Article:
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Everything has to be bigger, everything has to be better, everything always has to be faster, more dynamic and more successful. There is an answer for everything, we are always in control, profits keep rising and there is no room for doubt. Everything is clear, everything is valuable, everything is controllable. It is the world of certainty. Managers as Masters of the Universe. One could rightly claim that this is the dominant perspective from which Western-style management has always operated. It is the perspective that Western business schools use in their research and training, based on which major consultancy firms design their practice.
But does it make sense? Is this really the way things are? Aren’t we missing something? Can the world be that simple? And the answer, of course, is a resounding NO. The world is not that simple. The real world, in contrast to the abstract world of spreadsheets and PowerPoints, has a much greater complexity, speed and dynamism. The real world is not malleable, it is not predictable. The real world is full of uncertainty. The real world does not respect the abstract rules of management literature. The real world is utterly complex. And this complexity will continue to increase in coming years. Digitisation, changed value patterns, transparency, saturation and liveability are only some of the many aspects that make our ‘business practices’ infinitely more complex and dynamic.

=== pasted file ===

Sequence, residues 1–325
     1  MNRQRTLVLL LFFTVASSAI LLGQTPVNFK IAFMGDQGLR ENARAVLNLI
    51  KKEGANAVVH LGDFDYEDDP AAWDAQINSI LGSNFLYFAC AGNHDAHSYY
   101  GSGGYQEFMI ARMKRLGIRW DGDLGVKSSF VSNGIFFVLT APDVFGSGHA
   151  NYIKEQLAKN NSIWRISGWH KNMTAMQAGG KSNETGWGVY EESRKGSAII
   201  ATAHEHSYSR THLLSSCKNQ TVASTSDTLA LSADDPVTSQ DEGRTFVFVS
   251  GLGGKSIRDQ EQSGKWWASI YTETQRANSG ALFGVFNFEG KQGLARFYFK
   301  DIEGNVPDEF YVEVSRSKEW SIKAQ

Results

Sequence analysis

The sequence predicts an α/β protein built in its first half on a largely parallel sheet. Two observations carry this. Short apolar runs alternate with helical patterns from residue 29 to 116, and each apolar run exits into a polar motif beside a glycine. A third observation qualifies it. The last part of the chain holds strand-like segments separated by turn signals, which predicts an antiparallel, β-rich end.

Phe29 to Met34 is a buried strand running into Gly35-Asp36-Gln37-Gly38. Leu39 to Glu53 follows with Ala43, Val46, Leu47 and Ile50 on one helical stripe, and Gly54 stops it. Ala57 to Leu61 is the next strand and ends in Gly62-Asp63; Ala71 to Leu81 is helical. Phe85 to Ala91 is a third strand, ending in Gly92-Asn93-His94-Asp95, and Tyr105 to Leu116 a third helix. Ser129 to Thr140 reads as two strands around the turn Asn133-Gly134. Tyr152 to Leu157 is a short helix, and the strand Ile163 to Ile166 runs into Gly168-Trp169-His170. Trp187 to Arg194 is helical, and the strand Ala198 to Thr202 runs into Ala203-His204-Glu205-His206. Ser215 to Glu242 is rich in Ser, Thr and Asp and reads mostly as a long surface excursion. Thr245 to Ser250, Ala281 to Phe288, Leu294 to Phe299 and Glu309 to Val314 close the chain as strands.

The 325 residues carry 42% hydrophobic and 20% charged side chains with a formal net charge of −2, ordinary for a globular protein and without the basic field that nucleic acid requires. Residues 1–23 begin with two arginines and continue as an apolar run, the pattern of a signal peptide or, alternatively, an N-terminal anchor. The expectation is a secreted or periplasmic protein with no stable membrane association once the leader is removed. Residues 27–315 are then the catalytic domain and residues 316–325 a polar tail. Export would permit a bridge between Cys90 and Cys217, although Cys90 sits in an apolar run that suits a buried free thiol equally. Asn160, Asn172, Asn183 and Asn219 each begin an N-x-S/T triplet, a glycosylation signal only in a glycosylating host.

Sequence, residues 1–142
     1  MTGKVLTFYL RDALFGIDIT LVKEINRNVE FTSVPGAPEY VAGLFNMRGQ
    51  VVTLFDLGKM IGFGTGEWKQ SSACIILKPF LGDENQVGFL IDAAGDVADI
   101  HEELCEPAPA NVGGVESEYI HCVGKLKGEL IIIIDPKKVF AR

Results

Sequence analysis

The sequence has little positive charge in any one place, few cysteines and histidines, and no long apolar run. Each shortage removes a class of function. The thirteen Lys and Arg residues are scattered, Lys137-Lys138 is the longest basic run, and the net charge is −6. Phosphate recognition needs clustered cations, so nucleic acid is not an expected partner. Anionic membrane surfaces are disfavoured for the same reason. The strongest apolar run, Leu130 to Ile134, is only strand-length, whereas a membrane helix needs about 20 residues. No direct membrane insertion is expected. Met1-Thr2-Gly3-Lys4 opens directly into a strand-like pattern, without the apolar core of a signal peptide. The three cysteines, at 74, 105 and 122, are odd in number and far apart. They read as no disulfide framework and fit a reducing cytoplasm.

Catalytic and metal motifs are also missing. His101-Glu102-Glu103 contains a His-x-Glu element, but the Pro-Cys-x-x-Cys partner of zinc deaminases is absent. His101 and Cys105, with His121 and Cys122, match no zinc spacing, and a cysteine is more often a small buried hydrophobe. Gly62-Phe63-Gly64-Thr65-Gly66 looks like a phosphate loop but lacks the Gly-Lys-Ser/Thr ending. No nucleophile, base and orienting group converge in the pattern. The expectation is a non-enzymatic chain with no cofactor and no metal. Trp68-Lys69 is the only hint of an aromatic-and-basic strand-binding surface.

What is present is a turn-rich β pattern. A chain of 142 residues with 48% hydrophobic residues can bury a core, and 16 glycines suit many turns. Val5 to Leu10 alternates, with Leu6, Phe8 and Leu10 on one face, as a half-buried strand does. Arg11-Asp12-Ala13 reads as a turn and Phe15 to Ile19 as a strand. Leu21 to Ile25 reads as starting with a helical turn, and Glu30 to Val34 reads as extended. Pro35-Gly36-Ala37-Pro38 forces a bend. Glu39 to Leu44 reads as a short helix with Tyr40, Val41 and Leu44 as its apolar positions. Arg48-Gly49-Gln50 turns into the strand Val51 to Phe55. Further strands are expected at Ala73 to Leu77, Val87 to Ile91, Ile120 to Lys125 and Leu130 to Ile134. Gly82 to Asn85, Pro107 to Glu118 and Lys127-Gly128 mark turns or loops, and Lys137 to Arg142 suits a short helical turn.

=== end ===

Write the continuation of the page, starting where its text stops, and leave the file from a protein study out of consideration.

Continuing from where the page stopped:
Our natural tendency is to ‘solve’ this complexity and dynamism. We analyse more, calculate more, we dive deeper, take yet another look at it, and accumulate big data, all of it in an attempt to solve the complexity, to take it away. Because we were so used to doing that in the malleable world. But complexity can’t be solved. Mathematics shows this clearly: a mathematical formula that expresses complexity cannot be solved. Complexity is fundamentally unpredictable and unmanageable.
No, we should not try to take away complexity. We shouldn’t try to regulate her through rules and regulations, we must not crush it to death under the guise of purported predictability and certainty. We should embrace it. We should cherish it. Because major questions solve themselves by facing them, embracing them, owning them and learning to deal with them. What we need is truthful answers to real questions instead of textbook solutions. We need answers that arise in direct interaction with our complex context, answers that emanate from genuine understanding and original thinking. We need answers that do not come from above but which are allowed to grow from below, from that place where organisations interact with the real world.
This has vast consequences for the way in which we make strategic choices, for the way in which organisations develop and organisational leadership manifests itself. Being closer to reality, letting go, pragmatism, humanity, powerlessness, unpredictability, auto-dynamics, self-development, life opportunities and permanent development, stakeholder value, people, planet and profit, social network and a sense of community, inner purpose, authenticity, honesty, permanent adaptation and evolution– all these concepts are part of dealing with the complexity of the contemporary world.